of belief than what he wrote in his memoirs. Irving pointed out there is
no evidence which directly contradicts the accounts of the adjutants on
which he has placed reliance. Their accounts converge and so may be said
to corroborate one another. Irving did not accept that, in accepting the
evidence of the adjutants about Kristallnacht but rejecting for example
the evidence of survivors about events at Auschwitz, he has been guilty
of applying double standards.

5.68 As to Muller's telegram, Irving agreed that he was aware of it but
made no mention of it in Goebbels. He testified that he did not regard
it as adding much. Moreover Irving did not accept that the evidence
shows that Hitler authorised or even knew of Muller's order. Muller was
in Berlin whereas Hitler was in Munich. Nor, said Irving, does
Bohmcker's message add anything to what is already known from other
sources. He pointed out that he did refer to Bohmcker in a footnote.

5.69 Irving denied having misrepresented Heydrich's telex of 1.26am. The
reference given in the footnote in Goebbels for this message is ND:3052-
PS. In cross-examination the message with reference number ND:3051-PS,
which the Defendants claim is Heydrich's 1.20am message, was put to
Irving. He said that he was quoting from a different message sent by
Heydrich, namely ND:3052-PS, which is the reference given in Goebbels.
He disagreed with the suggestion that it was unlikely that Heydrich
would have sent another telex at about the same time. His answer to the
Defendants' accusation of misrepresentation was therefore that he was
summarising the content of a different message sent by Heydrich at about
the same time (which he was unfortunately unable to produce). However,
when confronted with the text of message ND:3052-PS which the Defendants
had obtained overnight, Irving accepted that it cannot have been the
source for what he wrote. When reminded that on his own website he had
admitted muddling 3051 and 3052, Irving conceded that there had been no
other source for what he wrote about Heydrich's telex. In the end, as I
understood him, Irving answered the criticism made by the Defendants of
his account in Goebbels of Heydrich's telex by saying that, if he
misinterpreted it, it was an innocent error or glitch which occurred in
the redrafting process. He maintained that the error is in the context
of the book as a whole a trivial one. In any event Irving reiterated
that at this stage in the evening (1.20am), the full-scale pogrom had
still not developed.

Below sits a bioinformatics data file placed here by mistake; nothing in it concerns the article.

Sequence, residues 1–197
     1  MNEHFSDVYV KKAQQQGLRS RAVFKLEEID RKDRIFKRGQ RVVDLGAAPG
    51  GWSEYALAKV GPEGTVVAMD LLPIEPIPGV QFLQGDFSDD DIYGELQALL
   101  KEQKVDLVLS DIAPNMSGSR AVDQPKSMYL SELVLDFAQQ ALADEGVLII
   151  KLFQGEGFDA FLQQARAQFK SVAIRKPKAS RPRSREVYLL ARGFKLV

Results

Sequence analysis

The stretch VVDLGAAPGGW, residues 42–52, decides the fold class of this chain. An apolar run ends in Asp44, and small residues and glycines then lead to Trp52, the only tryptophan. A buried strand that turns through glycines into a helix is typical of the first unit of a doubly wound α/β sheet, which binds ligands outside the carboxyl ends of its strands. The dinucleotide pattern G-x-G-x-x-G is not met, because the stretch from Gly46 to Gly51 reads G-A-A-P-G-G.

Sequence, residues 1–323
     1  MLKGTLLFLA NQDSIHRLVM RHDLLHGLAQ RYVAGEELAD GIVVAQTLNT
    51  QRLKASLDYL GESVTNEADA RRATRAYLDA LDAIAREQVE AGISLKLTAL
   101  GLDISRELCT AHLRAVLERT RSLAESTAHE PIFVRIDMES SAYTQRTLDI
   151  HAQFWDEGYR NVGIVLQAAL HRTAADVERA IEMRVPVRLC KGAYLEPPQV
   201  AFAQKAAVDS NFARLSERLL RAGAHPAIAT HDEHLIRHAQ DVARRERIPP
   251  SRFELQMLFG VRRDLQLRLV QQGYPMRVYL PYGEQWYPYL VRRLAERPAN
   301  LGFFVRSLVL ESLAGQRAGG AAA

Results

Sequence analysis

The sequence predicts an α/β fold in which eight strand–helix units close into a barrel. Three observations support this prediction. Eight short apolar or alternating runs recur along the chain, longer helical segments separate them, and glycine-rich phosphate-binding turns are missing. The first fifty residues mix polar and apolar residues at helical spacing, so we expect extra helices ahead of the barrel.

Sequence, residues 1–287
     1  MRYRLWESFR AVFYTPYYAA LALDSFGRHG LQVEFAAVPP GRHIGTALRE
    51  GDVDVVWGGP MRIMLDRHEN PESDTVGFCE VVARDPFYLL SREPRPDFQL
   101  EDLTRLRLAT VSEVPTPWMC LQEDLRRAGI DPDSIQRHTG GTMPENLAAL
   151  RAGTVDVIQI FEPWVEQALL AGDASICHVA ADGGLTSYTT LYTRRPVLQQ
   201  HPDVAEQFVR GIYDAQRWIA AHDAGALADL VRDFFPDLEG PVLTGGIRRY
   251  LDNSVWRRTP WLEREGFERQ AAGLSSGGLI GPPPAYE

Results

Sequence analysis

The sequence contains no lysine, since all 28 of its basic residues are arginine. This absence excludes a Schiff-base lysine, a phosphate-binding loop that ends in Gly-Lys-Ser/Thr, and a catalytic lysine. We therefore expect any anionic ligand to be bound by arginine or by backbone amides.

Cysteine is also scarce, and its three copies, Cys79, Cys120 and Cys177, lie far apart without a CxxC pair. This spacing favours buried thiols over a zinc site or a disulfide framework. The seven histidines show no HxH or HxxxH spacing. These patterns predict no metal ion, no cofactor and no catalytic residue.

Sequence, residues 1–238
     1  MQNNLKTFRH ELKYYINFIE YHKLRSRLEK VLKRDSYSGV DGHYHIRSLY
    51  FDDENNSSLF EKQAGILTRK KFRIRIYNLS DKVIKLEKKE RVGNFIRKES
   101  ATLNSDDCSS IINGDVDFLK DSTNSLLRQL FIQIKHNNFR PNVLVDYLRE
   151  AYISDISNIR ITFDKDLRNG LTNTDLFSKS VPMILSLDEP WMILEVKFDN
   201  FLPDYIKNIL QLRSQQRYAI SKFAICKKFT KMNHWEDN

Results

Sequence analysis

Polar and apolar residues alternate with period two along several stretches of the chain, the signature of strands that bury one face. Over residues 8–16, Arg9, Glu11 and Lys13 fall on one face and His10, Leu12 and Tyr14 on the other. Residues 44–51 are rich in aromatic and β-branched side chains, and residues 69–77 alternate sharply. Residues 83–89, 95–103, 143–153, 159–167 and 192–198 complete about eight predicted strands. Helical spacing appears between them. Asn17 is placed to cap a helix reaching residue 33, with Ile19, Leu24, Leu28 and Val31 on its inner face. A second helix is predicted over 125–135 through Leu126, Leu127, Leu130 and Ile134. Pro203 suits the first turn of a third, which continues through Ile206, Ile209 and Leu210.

5.70 As regards Eberstein's telephone message at 2.10am, Irving gave
various reasons why he attached no importance to it. He claimed that the
original message would have gone out earlier. It is, he argued, a mere
repetition of the instruction to the police not to interfere. Irving put
to Evans various suggestions about the message: that Eberstein might not
have been present when it was sent; that Eberstein might have been with
Hitler when it went out; that it was an "igniting" document. In any
event, said Irving, the message was overtaken by events.

For these reasons Irving said that he saw no need to refer to it in
Hitler's War. Evans accepted none of these suggestions. Whether or not
it is likely that Eberstein would have sent that message after seeing
Hitler's reaction to the news of the night's events, Irving stated that
two eye-witnesses, namely adjutants von Below and Futkammer, had
confirmed Hitler's angry reaction to the news. In regard to Hederich,
Irving justified his reliance upon his evidence. He contended that there
was no reason for doubting what Hederich was quoted as having said.
Despite having written in Goebbels that what Goebbels said "conflicted
with the tenor of Hitler's speech", Irving denied that Hederich had
meant that Hitler made a speech at the Old Town Hall: he was referring
to what he understood Hitler to have been saying about the violence.
Irving did not accept the criticisms advanced by Evans of his reliance
on these witnesses (summarised above).

5.71 Irving disagreed totally with the interpretation placed by the
Defendants upon Rudolf Hess's message sent at 2.56am. He pointed out
that it was he who had discovered the message and first brought it to
the notice of historians. Whilst he accepted that there might have been
reasons for singling out Jewish businesses for protection, such as the
danger of damage being done to adjacent non-Jewish property or the
likelihood that the Jewish property was insured with non-Jewish
insurance companies, he was adamant that the order was intended to
confer blanket protection on all Jewish property. He read the words und
dergleichen as qualifying acts of arson, so that his interpretation of
the message is that it covers acts of arson and all other forms of
violence. He did not accept that the order of words in the message
indicates that und dergleichen qualifies shops, so extending the order
to shops and the like. It was Irving's case that the order sent at
2.56am emanated from Hitler and it was a direction that all actions
against the Jews must stop forthwith. Accordingly his description of the
message as conveying an order from Hitler "to halt the madness" was
appropriate and justified. Furthermore, in his response to the
Defendants' closing submission, Irving also drew attention to a telegram
sent out at 3.45am by Gestapo Section II signed "p.p. Bartz" which
required the immediate execution of Heydrich's order that all kinds of
arson were to be hindered.

5.72 Given the passage of time since he had tried to decipher the